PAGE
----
The amateur tells M&F that he understands getting to the top of the PFL will likely be a bumpy ride, and there’s no rush towards becoming pro. He’s happy to make the transition when his team deems the moment right. Biaggio’s first amateur MMA outing was a tough lesson learned, but he’s putting in the work and growing from his ever-increasing experience. In that debut against Devin Rothwell, he succumbed to a rear naked choke, but has come back stronger, amassing five straight victories that will give him a measure of confidence against Joel Galarza Lopez (3-0-0) on Nov. 24. “Each time you step in the cage, you get more and more comfortable,” says Biaggio of the experience that he is amassing under the spotlight. “The fighting journey is a learning journey.”
“I remember, like the first time I got kicked in the head. I was like ‘whoa, this is different,” shares Biaggio. While his experience of physicality in football, and his strength of speed gives him some great tools for the cage, the daily grind of training to become a pro MMA fighter is only for those that go all-in with their training. To that end, Biaggio Ali Walsh is solely focused on building his own legacy. He comes to the discipline with no formal martial arts background, but feels that as MMA evolves, more and more athletes are learning mixed martial arts as a blank canvas, rather than starting out in karate, wrestling, or kickboxing for example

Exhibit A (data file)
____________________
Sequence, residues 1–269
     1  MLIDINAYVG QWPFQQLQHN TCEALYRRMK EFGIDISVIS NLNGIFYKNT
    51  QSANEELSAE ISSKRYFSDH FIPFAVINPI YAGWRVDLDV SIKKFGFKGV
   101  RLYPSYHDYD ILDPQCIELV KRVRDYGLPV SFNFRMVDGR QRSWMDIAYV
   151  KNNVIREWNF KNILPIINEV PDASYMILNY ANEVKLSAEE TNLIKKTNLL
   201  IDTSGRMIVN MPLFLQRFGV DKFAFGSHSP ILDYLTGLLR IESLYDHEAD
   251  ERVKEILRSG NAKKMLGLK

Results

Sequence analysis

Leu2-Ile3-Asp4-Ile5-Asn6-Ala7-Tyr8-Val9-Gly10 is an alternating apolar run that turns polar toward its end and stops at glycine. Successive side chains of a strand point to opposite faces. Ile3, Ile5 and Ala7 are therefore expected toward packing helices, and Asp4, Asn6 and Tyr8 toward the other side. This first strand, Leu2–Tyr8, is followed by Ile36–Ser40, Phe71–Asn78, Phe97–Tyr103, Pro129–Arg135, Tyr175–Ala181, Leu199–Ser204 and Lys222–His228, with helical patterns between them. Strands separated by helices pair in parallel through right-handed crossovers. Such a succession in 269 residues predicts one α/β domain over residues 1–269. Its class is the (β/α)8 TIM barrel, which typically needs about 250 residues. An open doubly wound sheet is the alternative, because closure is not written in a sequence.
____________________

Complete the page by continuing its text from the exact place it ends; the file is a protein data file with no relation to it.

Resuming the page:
Biaggio Ali Walsh is in the gym at Xtreme Couture for 9 a.m. “It’s a family there,” he says. “You beat the crap out of each other and then after, you’re laughing and going to get coffee together. It’s literally a family.” A sample day of training comprises of striking from 9am to 10am and then grappling from 11am to 12pm. In the afternoon he’ll be back at the gym working with the heavy bag, often for 10 x 3-minute rounds to build stamina. When it comes to increasing his strength, Biaggio is finding that unlike in his football days, he really doesn’t have to lift traditional weights as much, because the daily struggle of shifting his opponent’s bodyweight is a heavy lifting session in its own right. “The real strength and conditioning is sparring, grappling, and wrestling,” says Biaggio, who explains that if you go back and study old school boxers, their strength and condition work revolved around hitting the bag, chopping wood, running, and sparring. “And, they would go 15 rounds,” he adds.
Training in the warmer climates of Las Vegas also requires Biaggio to pay special attention to his hydration. Practice is so intense that he’s stopped buying small bottles of water and now drinks it by the gallon. Biaggio often find himself going through two gallons on a training day.
“I pretty much water load everyday like I would if it were fight-week,” he explains. Just like his grandfather, this fighter understands the importance of every detail when it comes to preparation and Biaggio is excited about the possibilities that competing with the PFL brings. “It feels like a dream that they reached out and saw potential in me, and that I’m signed with them,” he says. It is of course, by dreaming big that mighty things are accomplished. Perhaps Muhammed Ali said it best: “A man who has no imagination has no wings.”
Watch the full 2023 PFL World Championship card live on November 24 from The Anthem in Washington, D.C via ESPN PPV and ESPN+ in the USA and DAZN internationally